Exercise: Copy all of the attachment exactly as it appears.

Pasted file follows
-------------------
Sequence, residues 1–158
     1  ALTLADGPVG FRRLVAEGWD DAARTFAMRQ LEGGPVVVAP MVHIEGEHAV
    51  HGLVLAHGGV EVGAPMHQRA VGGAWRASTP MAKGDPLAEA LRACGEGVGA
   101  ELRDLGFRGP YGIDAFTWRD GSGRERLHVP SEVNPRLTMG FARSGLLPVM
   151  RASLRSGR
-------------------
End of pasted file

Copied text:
Sequence, residues 1–158
     1  ALTLADGPVG FRRLVAEGWD DAARTFAMRQ LEGGPVVVAP MVHIEGEHAV
    51  HGLVLAHGGV EVGAPMHQRA VGGAWRASTP MAKGDPLAEA LRACGEGVGA
   101  ELRDLGFRGP YGIDAFTWRD GSGRERLHVP SEVNPRLTMG FARSGLLPVM
   151  RASLRSGR